After six albums, you can't help but feel that there's one big in-joke going on and...
Chris Long 2007
If unbridled creativity won awards and filled arenas, brother-sister duo Matthew and Eleanor Friedberger would be the biggest band in the world. Since they dropped onto the musical radar back in 2003, they've managed to deliver a staggering six albums. It's an astounding feat, especially when you consider that it took the Stone Roses double that time to get a follow-up to their debut written. But what is more mind-bending is the fact they seem to still be overflowing with ideas.
Yet that is also the reason why they are not global superstars. Ever since the arrival of their delightfully unique debut Gallowbird's Bark, their songs have become increasingly complex and so stuffed with key and time changes, strange solos and indulgent musicianship that listening to them is the aural equivalent of trying to put both a cherry trifle and a ploughman's lunch in your mouth at the same time. Widow City suffers heavily from this problem, not least because of the decision to open it with a seven-minute epic, "The Philadelphia Grand Jury". By the time it finishes, there's the distinct feeling that you've listened to at least 12 songs.
What follows it fares little better. "Automatic Husband" wanders schizophrenically from grandiose to lo-fi, "Navy Nurse" sounds like a full rock opera condensed into six minutes, and "Uncle Charlie" - which opens with a John Bonham-esque drum solo - changes speed every 10 seconds, speaks of whiskey pie and dead jellyfish across nine performance poetry verses and shudders to a stop after a mere two minutes. It might just be the most self-indulgent song ever written.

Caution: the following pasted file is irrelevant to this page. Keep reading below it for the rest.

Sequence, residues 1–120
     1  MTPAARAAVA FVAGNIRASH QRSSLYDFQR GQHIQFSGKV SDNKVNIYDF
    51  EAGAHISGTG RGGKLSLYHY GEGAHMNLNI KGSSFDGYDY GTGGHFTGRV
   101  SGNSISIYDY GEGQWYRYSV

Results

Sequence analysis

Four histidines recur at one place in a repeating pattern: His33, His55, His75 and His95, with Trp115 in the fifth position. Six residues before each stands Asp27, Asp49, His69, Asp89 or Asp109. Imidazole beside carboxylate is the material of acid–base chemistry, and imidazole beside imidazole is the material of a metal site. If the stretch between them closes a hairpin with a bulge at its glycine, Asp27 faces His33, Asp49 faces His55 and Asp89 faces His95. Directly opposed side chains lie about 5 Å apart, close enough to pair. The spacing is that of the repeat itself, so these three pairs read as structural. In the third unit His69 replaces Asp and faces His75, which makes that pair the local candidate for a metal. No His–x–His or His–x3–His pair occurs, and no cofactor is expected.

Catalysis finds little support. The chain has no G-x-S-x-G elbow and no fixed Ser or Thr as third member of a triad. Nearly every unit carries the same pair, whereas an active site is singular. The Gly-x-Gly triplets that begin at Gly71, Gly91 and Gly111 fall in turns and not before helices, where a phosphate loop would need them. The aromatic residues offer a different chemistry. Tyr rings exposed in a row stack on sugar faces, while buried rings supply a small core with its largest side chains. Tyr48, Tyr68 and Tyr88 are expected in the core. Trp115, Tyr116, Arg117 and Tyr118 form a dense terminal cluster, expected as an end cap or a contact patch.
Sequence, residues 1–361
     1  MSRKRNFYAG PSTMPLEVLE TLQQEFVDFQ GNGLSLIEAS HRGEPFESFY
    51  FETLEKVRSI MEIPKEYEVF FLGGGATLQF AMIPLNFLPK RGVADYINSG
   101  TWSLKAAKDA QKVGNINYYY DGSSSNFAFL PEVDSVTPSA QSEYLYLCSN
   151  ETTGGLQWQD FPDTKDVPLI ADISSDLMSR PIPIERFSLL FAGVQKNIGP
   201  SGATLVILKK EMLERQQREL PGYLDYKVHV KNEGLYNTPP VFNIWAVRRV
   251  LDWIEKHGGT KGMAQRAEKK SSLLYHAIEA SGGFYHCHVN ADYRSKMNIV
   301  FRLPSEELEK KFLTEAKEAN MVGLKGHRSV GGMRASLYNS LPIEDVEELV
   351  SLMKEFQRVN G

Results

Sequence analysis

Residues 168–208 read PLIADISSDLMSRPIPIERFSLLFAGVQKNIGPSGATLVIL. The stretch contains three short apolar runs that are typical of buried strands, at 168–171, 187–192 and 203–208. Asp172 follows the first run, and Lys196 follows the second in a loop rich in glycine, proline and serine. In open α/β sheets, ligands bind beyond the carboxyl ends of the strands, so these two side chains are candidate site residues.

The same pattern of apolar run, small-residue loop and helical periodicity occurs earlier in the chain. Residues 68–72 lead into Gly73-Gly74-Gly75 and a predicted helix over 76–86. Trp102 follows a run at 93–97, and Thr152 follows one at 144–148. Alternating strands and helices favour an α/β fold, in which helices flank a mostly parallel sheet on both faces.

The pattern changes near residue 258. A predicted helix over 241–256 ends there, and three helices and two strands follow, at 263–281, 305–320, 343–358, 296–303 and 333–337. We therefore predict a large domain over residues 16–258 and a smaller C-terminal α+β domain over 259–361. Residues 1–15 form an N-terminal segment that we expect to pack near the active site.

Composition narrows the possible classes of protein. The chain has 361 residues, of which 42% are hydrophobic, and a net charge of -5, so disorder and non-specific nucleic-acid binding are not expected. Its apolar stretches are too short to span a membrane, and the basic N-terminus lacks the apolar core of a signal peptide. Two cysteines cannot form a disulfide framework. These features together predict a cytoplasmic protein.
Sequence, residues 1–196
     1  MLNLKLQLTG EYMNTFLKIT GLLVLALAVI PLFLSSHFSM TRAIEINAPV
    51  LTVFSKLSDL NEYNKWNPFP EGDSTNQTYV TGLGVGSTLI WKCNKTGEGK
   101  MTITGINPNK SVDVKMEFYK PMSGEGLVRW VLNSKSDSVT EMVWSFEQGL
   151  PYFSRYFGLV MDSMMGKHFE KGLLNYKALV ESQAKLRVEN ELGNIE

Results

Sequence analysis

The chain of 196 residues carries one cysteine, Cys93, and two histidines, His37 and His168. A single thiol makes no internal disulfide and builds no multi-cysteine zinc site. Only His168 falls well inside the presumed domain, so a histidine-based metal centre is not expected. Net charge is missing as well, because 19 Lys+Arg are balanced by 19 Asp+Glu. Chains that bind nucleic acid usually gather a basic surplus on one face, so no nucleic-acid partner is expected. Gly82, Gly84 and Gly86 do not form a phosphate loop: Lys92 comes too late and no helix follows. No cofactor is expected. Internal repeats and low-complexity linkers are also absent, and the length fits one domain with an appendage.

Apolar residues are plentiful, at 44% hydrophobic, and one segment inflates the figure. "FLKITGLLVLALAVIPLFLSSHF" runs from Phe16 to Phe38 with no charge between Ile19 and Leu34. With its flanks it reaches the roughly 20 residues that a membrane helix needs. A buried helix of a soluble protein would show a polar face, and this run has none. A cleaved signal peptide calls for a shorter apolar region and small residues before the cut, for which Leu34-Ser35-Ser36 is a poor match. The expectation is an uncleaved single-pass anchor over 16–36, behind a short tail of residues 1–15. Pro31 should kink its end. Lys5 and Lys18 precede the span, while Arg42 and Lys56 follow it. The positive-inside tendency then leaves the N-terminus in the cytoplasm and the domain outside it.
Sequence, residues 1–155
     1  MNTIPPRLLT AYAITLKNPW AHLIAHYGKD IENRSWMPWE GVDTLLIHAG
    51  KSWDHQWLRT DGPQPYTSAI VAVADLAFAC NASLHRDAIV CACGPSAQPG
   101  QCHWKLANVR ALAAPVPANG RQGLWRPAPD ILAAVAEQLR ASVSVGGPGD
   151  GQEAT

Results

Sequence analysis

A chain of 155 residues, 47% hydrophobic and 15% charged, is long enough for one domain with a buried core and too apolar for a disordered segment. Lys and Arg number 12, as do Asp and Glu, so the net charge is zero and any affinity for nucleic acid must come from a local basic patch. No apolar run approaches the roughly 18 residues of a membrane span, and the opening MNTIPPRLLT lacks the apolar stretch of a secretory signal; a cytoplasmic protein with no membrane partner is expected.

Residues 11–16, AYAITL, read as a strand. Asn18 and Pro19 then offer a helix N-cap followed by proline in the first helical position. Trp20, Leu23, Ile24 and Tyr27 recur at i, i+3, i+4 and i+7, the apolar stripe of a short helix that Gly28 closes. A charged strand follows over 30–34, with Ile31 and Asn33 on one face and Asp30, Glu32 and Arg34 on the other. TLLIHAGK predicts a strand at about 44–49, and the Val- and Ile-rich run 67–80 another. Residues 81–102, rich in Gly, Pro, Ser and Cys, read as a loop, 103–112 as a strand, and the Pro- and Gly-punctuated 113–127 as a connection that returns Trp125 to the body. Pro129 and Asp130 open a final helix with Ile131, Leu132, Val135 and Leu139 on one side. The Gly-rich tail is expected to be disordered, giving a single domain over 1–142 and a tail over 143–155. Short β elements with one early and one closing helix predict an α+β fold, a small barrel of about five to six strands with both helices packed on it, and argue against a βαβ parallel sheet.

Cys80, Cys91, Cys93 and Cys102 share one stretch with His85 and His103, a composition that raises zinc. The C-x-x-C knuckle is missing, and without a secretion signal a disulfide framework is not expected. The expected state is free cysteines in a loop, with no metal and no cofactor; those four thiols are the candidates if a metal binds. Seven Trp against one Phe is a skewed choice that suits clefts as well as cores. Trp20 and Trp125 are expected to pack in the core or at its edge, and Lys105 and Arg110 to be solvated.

Not that The Fiery Furnaces seem to care. There's always been a case to argue that their music is for them and no-one else, and the sheer tangled bloody-mindedness of the majority of Widow City only underlines a presumption that Matthew and Eleanor are hell-bent on creating music so exclusive that only they would ever want to listen to it. Only "Ex-Guru", a song that by Friedberger standards is practically stripped to the bone, coming as it does with a verse-chorus-verse structure and a single hook, suggests that they may yet be able to save themselves from disappearing up inside their own pretensions.
There’s nothing wrong with experimentation and innovation in music is to be applauded, but surely one of the main things that any artist wants to produce in their work is a sense of inclusivity. Widow City has none and that's a shame. There's no doubt that the Friedbergers are talented musicians, but after six albums, you can't help but feel that there's one big in-joke going on and they're the only ones finding it funny.